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A Comparison of the Magic in "the Rocking-Horse Winner" and "a Very Old Man with Enormous Wings"

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A Comparison of the Magic in "The Rocking-Horse Winner" and "A Very Old Man With

Enormous Wings"

Magic arises out of the two main characters of D.H. Lawrence's "The

Rocking-Horse Winner" and Gabriel Garcia Marquez. Paul, in the first story,

pulls out higher forces to help him decide who the winner of the next horse race

will be. In the Marquez story, a nameless and elderly angel lands on earth to

experience first hand the human behavior he strives to correct. The magic in

the air gives these stories a feeling of suspense. They are horrifying, if not

in the Stephen King horror genre. These tales encompass an undeniable amount of

magic, faith, greed, vindication and misunderstanding.

Pelayo and Elisenda, in the Garcia Marquez yarn, find the soul retriever

on his way to take their child to heaven, or so it is thought. The magical

angel's identity had to be discovered by a neighbor of the couple because they

didn't think that an angel could wind up on their land. Who would think of an

angel landing? Meanwhile, Paul doesn't show when he discovers the magical power

of the rocking horse he received as a gift one year. He does ride it often as

Lawrence describes. The stories are bound by the fact that the magical things

they discover are unbelievable at best. They often criticize Paul for his

affection for a horse he should have outgrown long ago. No one would believe

that the rocking-horse essentially talked to him. Although the characters in "A

Very Old Man with Enormous Wings" believe that an angel is in their presence,

they have no idea what to do with him. No one had ever dealt with a spirit on

this level before.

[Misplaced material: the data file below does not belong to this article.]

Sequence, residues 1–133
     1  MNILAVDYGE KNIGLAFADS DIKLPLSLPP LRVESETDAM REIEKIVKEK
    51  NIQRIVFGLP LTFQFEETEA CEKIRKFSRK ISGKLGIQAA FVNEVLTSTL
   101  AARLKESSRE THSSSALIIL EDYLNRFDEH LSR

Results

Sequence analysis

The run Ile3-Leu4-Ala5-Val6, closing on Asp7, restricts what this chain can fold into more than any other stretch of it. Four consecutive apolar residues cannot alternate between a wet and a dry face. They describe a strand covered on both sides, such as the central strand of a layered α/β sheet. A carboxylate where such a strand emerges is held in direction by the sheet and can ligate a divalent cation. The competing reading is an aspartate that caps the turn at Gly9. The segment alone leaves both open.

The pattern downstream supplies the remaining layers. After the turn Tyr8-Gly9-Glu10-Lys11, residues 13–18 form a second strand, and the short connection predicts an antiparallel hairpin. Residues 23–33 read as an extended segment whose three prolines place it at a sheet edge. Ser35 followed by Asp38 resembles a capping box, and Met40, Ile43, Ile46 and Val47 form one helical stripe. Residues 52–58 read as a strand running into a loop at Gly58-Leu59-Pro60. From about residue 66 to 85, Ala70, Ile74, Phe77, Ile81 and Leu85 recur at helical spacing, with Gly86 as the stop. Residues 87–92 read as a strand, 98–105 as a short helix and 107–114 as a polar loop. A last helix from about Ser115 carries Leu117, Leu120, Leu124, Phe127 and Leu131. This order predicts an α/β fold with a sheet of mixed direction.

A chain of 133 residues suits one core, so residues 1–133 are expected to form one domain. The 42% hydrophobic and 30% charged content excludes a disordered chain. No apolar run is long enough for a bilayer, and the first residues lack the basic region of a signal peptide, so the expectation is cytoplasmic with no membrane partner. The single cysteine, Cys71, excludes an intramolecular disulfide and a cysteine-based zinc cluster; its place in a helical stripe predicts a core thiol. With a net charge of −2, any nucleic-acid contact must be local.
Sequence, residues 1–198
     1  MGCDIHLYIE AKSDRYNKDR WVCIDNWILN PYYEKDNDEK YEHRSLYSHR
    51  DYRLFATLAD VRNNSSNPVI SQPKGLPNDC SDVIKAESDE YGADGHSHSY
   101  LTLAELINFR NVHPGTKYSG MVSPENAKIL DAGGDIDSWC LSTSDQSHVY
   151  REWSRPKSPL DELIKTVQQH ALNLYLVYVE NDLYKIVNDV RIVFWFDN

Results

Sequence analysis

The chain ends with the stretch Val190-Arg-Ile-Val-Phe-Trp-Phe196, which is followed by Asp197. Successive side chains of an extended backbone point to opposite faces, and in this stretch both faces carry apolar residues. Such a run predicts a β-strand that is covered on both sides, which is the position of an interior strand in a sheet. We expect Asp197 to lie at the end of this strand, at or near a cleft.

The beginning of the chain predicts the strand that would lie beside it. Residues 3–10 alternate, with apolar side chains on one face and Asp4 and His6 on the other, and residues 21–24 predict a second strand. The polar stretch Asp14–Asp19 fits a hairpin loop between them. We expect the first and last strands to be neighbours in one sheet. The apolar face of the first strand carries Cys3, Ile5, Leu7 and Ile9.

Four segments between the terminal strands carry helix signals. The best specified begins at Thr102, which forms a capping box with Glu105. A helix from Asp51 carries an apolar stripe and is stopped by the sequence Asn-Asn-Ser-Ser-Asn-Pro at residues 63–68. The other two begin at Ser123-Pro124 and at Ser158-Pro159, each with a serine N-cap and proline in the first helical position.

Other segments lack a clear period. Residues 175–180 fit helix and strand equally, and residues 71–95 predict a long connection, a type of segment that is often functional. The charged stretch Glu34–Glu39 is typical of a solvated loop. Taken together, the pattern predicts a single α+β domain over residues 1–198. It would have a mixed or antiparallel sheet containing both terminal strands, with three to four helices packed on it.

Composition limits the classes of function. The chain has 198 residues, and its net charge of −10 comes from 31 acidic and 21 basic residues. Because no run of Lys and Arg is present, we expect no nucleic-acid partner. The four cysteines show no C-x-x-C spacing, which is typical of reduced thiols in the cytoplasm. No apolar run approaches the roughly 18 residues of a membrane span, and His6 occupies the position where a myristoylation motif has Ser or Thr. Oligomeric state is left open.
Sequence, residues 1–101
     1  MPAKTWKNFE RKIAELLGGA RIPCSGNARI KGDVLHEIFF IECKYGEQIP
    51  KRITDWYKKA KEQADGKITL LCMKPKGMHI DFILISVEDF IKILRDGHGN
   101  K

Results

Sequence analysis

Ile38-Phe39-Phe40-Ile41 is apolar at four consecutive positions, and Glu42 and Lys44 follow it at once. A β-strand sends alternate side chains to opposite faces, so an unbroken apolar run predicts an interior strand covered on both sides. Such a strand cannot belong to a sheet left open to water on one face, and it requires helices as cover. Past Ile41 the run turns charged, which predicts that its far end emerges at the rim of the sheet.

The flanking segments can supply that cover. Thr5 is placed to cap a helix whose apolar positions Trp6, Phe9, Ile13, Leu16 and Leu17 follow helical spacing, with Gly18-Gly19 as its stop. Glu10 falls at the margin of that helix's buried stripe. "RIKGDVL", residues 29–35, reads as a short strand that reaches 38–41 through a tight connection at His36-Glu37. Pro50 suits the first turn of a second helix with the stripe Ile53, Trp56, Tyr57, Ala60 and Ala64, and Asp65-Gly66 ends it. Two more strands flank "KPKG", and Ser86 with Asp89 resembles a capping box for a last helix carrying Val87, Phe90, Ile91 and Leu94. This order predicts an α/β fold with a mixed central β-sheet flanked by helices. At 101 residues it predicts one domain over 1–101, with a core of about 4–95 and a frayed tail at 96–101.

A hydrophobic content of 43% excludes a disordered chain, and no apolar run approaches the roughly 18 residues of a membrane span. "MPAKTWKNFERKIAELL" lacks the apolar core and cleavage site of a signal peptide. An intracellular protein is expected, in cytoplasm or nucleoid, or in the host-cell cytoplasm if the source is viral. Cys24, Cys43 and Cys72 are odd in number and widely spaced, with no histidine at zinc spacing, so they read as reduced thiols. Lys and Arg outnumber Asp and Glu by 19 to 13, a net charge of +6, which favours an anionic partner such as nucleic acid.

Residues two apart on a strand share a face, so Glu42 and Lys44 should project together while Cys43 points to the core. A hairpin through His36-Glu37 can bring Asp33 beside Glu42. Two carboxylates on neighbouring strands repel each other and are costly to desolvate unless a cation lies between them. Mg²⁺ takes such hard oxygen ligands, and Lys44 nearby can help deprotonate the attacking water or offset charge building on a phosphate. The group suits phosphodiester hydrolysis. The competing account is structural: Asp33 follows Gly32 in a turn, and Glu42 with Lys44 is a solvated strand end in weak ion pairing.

As he rocked back and forth on his rocking horse, Paul had faith in

finding the winner of the next horse race. For some reason they could not

explain, Paul's uncle and Bassett had faith in him to pick it. They kept making

money on the young boy with faith. The boy, whose parents had no luck, also had

the faith that they did not have. Sadly, his faith killed him. He wanted so

much to rid the house of the voices he heard that he drove himself to death from

the intense pressure he placed upon himself. When he died, he killed the voices

as the spiritual world claimed the only member of the family with luck.

"A Very Old Man with Enormous Wings" shows that the people in this small

fan can have some level of faith without directly showing it. Although Pelayo

and Elisenda lock up the angel to display him, they still believe he is an angel

and cannot kill him when another offers this. They don't have the heart to club

the old man to death, though he may be an inconvenience at first. Father

Gonzaga doesn't necessarily believe in the angel, but the townspeople and

tourists do. They wish for things even when others before them don't have their

miracles exactly met.

It is hinted in the Lawrence story that Paul may have lived if he hadn't

been so greedy. He wasn't full of greed like his parents, but the mysterious

voices of the house drove him to greed to rid the house of them. To start with,

Mother and Father in this modern fairy tale are downright rapacious. Mother has

an especially insatiable wallet. Although her husband makes good money, she

must have the finer things in life such as servants and the like. They pass on

the ever present desire for more materialistic items to Paul. He wants to gain

the love of his mother and decides that using his luck to earn money is the way

to do it.

It is the greed of Pelayo and Elisenda that wind up saving the life of

the elderly angel. They give him a chance to rest and start anew by the couple

putting him on display as a sort of circus freak. Sadly enough this translates

over to modern sitings of crucifix marked men. Many religious fanatics have to

travel wide and far to see proof of their faith just like in the story. The

fact that the poor couple makes money off the angel could be a testament to him

being their guardian angel as opposed to the harbinger of death to their child.

They continue to make money off this freak of nature until another shows up.

The spider girl is just another form of greed in this story. The actual freak

is probably just a costumed human trying to make money off people's stupidity.

Flaws are obvious in the main characters of each of these two stories.

In "The Rocking- Horse Winner" Paul has the flaw of emulating his parents'

footsteps. Because they set the example always to want more money, taking on

their greed flaws him. In Garcia Marquez's tale, the simple couple have greed



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